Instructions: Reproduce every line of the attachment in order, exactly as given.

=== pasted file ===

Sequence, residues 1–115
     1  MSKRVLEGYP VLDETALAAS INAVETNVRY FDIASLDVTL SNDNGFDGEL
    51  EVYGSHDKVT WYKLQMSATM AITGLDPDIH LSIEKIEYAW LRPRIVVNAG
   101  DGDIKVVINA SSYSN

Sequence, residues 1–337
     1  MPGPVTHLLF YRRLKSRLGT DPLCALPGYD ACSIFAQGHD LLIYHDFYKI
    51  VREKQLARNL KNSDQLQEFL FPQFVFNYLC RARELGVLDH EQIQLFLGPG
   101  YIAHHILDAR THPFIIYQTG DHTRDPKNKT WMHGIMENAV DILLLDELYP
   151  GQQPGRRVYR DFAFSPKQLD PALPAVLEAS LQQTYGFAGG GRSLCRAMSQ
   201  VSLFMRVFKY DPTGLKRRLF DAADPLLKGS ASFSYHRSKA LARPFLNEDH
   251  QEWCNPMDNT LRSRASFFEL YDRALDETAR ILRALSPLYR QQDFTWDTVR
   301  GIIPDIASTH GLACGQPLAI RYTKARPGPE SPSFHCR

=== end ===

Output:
Sequence, residues 1–115
     1  MSKRVLEGYP VLDETALAAS INAVETNVRY FDIASLDVTL SNDNGFDGEL
    51  EVYGSHDKVT WYKLQMSATM AITGLDPDIH LSIEKIEYAW LRPRIVVNAG
   101  DGDIKVVINA SSYSN

Sequence, residues 1–337
     1  MPGPVTHLLF YRRLKSRLGT DPLCALPGYD ACSIFAQGHD LLIYHDFYKI
    51  VREKQLARNL KNSDQLQEFL FPQFVFNYLC RARELGVLDH EQIQLFLGPG
   101  YIAHHILDAR THPFIIYQTG DHTRDPKNKT WMHGIMENAV DILLLDELYP
   151  GQQPGRRVYR DFAFSPKQLD PALPAVLEAS LQQTYGFAGG GRSLCRAMSQ
   201  VSLFMRVFKY DPTGLKRRLF DAADPLLKGS ASFSYHRSKA LARPFLNEDH
   251  QEWCNPMDNT LRSRASFFEL YDRALDETAR ILRALSPLYR QQDFTWDTVR
   301  GIIPDIASTH GLACGQPLAI RYTKARPGPE SPSFHCR